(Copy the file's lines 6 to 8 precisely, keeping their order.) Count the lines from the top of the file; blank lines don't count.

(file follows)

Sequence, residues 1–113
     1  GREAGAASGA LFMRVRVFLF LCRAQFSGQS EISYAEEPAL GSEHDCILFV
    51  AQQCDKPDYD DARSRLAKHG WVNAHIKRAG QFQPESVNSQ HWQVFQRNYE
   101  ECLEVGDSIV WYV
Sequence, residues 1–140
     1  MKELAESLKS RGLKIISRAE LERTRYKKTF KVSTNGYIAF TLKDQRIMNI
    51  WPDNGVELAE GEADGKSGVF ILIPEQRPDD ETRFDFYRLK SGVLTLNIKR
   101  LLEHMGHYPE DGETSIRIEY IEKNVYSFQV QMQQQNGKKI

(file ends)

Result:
     1  MKELAESLKS RGLKIISRAE LERTRYKKTF KVSTNGYIAF TLKDQRIMNI
    51  WPDNGVELAE GEADGKSGVF ILIPEQRPDD ETRFDFYRLK SGVLTLNIKR
   101  LLEHMGHYPE DGETSIRIEY IEKNVYSFQV QMQQQNGKKI